I’ve received a cup of water from brothers and sisters who are not part of our community of faith, yet warmly welcomed a stranger like me into their worship and fellowship. I’m thankful for God’s work happening through Saint George’s Memorial Episcopal Church.
I’ve received a cup of water from brothers and sisters who don’t believe in God and in a relationship with Jesus in the same way I do. Yet in spite of our theological and biblical interpretation differences, we share a common belief in the good of all humanity in God’s good creation.
The good of God’s creation even though wars rage on endlessly as we long for peace.
The good of God’s creation even though disagreements and death seem more important to us than respect and life.
The good of God’s creation even as we live in a time and place that is consumed by a seemingly endless barrage of political and personal and professional attacks and rhetoric that seek to destroy the very fabric of all God has created and is creating.
I’ve even received a cup of water from brothers and sisters, who frankly, I’m not sure if they are followers of Jesus at all. But I was blessed by them. I was blessed by them as they cast out demons I was holding on to, provided healing to things that were causing me pain, and quenched thirst deep down in my soul that freed me to live more fully into a much needed time of rest.
Whether any of the people I’ve encountered in the past few weeks during my staycation knew or not – they were doing the work of Jesus in the world. God’s work that was done by a variety of people in a variety of places with a variety of understanding on what they may have actually been doing. God’s work that was a blessing to someone just needing a cup of water.
Jesus said to his disciples some 2,000 years ago and to his disciples gathered together in worship today, “Truly I tell you, whoever gives you a cup of water to drink because you bear the name of Christ will by no means lose the reward.”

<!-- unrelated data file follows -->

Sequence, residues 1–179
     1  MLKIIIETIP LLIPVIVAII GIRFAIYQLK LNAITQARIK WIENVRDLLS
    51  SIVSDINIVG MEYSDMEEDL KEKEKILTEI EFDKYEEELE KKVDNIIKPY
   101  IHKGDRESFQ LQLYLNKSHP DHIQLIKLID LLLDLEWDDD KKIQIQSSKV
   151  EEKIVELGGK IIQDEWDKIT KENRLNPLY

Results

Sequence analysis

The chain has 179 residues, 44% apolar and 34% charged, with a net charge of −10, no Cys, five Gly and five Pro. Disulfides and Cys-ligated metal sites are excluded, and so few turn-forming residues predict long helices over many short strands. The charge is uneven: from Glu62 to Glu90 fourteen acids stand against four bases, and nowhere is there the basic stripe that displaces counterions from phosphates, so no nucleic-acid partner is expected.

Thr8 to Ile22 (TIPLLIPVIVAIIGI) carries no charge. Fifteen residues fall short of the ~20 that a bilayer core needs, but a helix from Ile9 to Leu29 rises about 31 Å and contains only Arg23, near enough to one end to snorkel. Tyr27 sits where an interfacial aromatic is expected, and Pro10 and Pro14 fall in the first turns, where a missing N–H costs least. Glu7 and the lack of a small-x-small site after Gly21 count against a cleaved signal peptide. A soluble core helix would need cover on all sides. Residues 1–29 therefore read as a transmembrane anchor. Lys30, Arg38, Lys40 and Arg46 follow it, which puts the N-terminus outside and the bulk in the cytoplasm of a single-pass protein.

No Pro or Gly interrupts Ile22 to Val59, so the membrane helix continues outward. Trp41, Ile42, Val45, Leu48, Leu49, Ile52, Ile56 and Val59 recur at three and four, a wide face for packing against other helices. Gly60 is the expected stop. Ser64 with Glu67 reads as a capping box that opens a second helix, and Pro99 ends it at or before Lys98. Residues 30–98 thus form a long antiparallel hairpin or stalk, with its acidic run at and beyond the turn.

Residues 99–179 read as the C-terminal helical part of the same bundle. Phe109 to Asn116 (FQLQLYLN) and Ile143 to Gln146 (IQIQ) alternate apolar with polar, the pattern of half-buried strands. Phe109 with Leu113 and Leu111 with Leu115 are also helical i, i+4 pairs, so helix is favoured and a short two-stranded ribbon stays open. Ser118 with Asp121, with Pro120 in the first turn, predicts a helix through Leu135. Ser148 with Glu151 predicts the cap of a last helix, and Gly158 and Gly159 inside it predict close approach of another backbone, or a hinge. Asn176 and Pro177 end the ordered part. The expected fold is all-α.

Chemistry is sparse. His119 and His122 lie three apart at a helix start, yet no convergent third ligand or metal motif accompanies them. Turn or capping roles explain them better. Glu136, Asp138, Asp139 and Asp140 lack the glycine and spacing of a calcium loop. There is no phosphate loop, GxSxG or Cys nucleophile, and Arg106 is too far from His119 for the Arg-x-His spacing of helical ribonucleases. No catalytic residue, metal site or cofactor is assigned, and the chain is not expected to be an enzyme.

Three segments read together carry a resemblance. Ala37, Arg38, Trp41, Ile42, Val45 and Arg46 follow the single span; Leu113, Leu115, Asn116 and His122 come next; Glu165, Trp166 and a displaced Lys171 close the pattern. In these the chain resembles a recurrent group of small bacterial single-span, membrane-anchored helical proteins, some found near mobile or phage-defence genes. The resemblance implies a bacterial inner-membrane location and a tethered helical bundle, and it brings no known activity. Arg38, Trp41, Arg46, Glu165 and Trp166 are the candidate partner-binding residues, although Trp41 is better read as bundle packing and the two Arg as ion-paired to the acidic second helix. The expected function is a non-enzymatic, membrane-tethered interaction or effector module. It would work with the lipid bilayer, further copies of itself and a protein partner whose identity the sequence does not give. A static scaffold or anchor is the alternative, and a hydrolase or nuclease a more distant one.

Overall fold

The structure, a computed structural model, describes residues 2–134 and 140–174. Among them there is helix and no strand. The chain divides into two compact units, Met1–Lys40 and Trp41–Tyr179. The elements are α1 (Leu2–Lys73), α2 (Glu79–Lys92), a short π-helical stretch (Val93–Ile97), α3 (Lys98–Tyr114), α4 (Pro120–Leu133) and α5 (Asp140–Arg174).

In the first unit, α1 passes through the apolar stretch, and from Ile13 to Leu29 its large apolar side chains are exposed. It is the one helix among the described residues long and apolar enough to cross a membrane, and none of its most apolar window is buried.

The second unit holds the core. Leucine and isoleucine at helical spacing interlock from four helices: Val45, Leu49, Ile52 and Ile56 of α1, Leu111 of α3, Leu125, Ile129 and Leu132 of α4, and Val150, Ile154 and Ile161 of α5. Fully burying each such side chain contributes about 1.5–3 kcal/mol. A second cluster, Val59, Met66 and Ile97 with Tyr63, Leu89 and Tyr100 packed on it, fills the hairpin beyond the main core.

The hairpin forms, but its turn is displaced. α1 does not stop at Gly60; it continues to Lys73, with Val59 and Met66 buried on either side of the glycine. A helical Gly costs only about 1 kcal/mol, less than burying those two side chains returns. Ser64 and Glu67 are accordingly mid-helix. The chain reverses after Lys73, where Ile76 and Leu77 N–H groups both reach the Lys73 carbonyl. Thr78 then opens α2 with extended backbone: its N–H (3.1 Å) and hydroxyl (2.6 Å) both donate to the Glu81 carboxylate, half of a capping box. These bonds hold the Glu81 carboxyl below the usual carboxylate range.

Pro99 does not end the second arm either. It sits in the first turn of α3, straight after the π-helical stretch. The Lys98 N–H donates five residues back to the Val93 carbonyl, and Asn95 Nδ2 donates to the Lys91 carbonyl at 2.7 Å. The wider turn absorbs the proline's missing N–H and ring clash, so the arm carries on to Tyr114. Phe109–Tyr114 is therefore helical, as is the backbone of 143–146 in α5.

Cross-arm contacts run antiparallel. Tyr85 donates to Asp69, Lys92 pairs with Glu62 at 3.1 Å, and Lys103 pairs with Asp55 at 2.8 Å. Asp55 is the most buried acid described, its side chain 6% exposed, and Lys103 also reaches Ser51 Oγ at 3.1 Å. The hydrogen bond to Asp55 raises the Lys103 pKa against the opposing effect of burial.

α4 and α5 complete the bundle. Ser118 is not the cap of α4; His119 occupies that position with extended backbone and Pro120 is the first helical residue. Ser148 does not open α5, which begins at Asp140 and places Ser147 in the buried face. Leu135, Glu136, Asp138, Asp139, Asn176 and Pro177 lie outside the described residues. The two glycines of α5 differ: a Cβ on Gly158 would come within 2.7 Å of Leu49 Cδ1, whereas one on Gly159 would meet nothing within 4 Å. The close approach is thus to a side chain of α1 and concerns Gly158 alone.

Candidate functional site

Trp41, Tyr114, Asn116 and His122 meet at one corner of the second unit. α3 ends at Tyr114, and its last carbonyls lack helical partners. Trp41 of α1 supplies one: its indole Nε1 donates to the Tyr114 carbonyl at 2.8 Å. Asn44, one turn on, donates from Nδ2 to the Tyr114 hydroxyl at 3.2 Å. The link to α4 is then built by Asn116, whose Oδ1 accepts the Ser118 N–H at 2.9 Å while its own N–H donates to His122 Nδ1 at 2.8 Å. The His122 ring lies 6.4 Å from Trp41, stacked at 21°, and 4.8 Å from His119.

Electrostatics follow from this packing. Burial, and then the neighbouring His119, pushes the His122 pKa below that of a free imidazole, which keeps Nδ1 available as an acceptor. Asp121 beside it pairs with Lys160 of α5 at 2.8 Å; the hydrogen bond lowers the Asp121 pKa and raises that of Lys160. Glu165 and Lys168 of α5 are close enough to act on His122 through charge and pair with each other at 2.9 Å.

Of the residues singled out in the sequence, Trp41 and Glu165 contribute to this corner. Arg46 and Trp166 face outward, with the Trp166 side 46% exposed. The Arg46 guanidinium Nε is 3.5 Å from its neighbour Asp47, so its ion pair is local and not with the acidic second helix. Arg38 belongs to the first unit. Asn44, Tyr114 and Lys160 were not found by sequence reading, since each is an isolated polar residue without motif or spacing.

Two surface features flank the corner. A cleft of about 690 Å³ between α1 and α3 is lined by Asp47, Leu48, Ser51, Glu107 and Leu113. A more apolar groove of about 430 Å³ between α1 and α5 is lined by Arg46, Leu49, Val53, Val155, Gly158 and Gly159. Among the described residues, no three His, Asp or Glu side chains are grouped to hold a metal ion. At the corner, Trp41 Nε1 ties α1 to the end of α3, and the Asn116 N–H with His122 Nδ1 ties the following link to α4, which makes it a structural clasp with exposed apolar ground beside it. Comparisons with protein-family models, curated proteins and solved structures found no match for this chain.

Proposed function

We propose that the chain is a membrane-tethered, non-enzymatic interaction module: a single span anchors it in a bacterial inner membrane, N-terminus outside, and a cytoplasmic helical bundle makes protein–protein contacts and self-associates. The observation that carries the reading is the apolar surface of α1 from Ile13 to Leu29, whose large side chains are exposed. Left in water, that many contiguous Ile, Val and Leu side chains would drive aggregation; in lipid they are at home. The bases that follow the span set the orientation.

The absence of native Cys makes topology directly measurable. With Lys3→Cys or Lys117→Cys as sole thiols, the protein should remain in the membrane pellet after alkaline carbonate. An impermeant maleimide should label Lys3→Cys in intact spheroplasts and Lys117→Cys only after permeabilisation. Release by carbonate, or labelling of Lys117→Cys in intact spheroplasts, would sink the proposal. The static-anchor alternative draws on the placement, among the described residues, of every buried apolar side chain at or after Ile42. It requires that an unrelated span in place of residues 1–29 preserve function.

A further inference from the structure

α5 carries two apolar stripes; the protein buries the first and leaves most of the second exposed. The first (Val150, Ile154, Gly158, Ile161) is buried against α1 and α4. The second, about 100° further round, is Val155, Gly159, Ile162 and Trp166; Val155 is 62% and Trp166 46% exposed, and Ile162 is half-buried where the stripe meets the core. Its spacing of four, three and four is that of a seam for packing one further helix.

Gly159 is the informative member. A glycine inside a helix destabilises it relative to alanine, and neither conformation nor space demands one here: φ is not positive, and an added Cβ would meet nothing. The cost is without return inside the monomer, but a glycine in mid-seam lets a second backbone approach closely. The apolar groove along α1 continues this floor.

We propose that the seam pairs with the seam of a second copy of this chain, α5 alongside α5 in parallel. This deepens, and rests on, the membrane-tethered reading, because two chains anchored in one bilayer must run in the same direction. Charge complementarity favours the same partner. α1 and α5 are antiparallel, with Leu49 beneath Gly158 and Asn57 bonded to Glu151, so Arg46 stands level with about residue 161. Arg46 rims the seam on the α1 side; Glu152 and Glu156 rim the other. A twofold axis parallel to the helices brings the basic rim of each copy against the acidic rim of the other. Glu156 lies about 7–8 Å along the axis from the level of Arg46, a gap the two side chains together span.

Brothers and sisters in Christ, as children of God, who began bearing the name of Christ in the sacred words and holy waters of the Sacrament of Holy Baptism, when have you not only given a cup of water to someone but received a cup of water from someone. Maybe even from someone whom you’ve attempted to stop while they were simply trying to do God’s work.
What if this is how our conversation with Jesus might take place today, instead of the way it happens in our gospel story today. What if this is what the disciples of today say to Jesus,
“We saw some people, Lord, who were casting out demons, working for justice, advocating for those who have lost their job and feel left behind, caring for veterans and single mothers, volunteering to feed the hungry and give money to those in need without anyone guilting them into doing so, and so much more, Lord, all in your name. They do not follow us, Lord. In fact, we really disagree with them on a lot of things. But we did not try to stop them, and they gave us a cup of cold water. And that was pretty cool.” [I give thanks for Pastor David Lose’s inspiration for this thought at http://www.inthemeantime.com]
Brothers and sisters in Christ, as you live out your faith in your work and your play this week, how are you receiving a cup of water from someone else. Take a minute to give God thanks when those holy moments happen. Amen.